Monday, June 25, 2018

Mount Jefferson (OR) - The West Snowfield


From the start of my foray into backcountry touring, I’ve had my eye on Mount Jefferson. For some reason it just never came together until last week. Not only is this Cascade volcano known for being set in one of the most beautiful places anywhere, it’s also known for being one of the toughest Cascade peaks to climb. The main routes fall on the North side of the mountain, which have the easiest access via the Jefferson Park area. The other area that people access the mountain from is Pamelia Lake, on the west side, which held the line I’d recently been drooling over, the West Rib. Under good snow conditions, it looked like it would serve up ~3,500’ of continuous turns down a fairly steep face, with a slope angle in the high 30s to low 40s.

Putting out the feelers, I was able to convince one of my buddies, Jonathan, that it was a good idea. We had originally planned for Sunday, but unfortunately the forecast changed and it looked like our only real opportunity would be for a mid-week tour. Luckily, we were both able to get Thursday off work and the plan was set. Rolling out Wednesday evening, we reached the trailhead at around 10pm, where we did some gear prep before turning in for the night.

The alarm went off at 4:30am, and by the time we hit the trail it was around 5:30. The Pamelia Lake Trail is well maintained and provided easy going for the first three miles, at which point it reached the PCT. From there we followed the PCT a short distance to the crossing at Milk Creek, where the real adventure would begin. The creek valley was now filled with a band of low clouds but peeking through the occasional clearing we could see the snowy slopes of Mount Jefferson above them – this gave us hope that we’d eventually get above the clouds and that we would indeed have some snow to carve some turns into. Since we were headed toward the West Rib, we left the trail and started hiking up Milk Creek, an imposing glacial canyon leading up toward the west side of the mountain. Luckily, I’d read a few climbing trip reports that warned against going too far up Milk Creek, instead, they advised heading up the first small tributary to the north.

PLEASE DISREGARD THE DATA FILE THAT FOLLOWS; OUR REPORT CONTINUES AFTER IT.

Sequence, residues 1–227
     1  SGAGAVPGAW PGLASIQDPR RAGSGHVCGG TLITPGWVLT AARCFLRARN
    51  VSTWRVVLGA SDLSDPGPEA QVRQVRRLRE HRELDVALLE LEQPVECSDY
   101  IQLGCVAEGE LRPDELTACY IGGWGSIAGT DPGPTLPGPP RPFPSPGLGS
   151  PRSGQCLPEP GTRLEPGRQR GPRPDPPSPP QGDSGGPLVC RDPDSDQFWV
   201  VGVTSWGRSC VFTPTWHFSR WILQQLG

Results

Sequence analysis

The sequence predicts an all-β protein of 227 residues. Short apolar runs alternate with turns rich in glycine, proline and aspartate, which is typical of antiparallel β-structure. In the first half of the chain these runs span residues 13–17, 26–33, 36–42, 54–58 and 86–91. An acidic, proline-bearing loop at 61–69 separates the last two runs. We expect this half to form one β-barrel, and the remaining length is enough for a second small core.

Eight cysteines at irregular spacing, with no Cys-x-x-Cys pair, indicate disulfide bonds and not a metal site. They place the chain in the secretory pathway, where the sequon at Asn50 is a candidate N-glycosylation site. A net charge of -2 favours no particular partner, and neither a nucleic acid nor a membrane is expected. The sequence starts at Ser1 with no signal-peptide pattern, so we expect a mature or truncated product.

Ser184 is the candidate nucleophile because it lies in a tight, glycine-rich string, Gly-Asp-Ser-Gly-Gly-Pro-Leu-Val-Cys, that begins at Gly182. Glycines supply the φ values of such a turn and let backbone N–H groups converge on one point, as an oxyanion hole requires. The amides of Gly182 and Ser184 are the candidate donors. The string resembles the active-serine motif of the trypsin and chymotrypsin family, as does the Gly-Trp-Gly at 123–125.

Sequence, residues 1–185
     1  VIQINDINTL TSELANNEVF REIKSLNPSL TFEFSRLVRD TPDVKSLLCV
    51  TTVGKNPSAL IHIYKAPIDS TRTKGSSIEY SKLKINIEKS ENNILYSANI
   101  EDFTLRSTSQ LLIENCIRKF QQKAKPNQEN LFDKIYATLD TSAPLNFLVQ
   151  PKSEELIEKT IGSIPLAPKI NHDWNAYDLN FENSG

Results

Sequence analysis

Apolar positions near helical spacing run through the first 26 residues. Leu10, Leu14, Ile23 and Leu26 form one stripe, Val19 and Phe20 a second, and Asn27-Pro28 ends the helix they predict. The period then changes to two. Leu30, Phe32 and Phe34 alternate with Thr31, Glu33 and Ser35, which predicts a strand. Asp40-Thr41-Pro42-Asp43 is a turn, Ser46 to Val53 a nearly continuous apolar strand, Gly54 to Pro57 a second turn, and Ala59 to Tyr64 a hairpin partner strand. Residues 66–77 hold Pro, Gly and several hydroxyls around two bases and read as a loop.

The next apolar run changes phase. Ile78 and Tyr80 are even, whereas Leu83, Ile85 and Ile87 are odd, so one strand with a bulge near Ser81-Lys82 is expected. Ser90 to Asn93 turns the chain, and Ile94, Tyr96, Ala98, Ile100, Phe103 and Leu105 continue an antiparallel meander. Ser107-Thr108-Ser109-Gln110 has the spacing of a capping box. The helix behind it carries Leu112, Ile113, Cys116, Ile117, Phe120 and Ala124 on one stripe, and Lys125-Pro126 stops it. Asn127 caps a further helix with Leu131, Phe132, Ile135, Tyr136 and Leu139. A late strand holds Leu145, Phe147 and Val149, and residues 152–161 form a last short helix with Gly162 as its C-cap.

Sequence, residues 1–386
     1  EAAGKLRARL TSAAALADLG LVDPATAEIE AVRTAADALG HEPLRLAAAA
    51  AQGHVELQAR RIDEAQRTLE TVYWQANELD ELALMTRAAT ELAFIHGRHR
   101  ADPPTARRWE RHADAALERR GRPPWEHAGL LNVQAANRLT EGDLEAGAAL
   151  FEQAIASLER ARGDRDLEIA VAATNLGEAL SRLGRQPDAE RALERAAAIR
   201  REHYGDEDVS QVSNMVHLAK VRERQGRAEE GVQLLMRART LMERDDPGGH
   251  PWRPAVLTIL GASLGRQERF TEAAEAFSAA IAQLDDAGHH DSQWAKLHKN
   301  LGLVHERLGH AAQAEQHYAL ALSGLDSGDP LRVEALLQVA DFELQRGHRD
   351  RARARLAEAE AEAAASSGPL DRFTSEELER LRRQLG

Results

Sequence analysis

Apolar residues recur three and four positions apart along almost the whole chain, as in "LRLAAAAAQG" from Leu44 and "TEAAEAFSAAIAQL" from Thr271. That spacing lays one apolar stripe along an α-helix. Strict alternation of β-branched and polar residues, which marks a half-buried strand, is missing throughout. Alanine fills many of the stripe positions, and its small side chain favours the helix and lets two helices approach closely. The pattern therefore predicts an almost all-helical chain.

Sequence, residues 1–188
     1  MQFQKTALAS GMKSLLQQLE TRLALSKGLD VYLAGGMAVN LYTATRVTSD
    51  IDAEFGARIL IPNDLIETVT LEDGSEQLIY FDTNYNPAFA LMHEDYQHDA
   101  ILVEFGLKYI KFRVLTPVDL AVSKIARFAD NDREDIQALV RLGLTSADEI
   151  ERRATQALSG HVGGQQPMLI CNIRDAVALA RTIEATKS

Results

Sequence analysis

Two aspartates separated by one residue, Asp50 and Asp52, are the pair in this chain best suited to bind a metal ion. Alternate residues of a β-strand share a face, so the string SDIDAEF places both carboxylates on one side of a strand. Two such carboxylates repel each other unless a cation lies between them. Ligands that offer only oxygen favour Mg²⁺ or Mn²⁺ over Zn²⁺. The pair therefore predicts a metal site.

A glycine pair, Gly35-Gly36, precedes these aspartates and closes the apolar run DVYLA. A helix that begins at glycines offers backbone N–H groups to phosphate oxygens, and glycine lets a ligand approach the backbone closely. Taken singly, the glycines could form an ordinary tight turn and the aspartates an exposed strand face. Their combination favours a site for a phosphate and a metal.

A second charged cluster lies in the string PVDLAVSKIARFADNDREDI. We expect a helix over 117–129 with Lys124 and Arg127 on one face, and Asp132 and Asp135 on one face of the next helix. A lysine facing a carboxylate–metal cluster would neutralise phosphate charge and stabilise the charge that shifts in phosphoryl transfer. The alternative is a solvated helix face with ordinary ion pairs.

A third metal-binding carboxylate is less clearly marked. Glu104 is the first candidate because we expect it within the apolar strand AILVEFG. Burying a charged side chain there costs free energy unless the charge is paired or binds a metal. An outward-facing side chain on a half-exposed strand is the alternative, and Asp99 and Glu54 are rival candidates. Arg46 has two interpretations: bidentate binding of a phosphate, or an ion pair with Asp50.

Let the tour begin!

Settling in for the long haul

Looking up Milk Creek with Mount Jefferson obscured by clouds.
Photo by Jonathan Williams

Within a quarter mile we reached the small drainage, where we climbed up and out of Milk Creek to the ridge that separated the two. Climbing out of Milk Creek was no simple task; although the slope we headed up wasn’t very tall, it was extremely slippery, requiring well-placed footing and full concentration. I had assumed we’d find a crude boot path either heading up the ridge or in the creek bed itself, but as far as we could tell none could be found. Both were overgrown, so it’s possible that any trail could have been covered up by recent vegetation growth. It appeared that the coverage on the ridge was less thick, so we opted for that option.


Making our way up Milk Creek

This gives a pretty good idea of what you are in for walking up the creekbed

As we hiked up the ridge, my skis/boots, which were strapped to my pack, were getting tangled in the overhanging tree branches. In some places it was so dense I had to crawl on all fours to break through. It was also quite steep, which slowed our progress but did give me hope that we’d reach the timberline before too long. What ended up being 1,500’ of climbing in 1 mile took us about an hour and fifteen minutes, and I don’t think I’d ever been that happy to get out of the forest. Conveniently, this was also where the snow level started and we broke through the cloud layer, with the mountain looming in front of us in all its glory.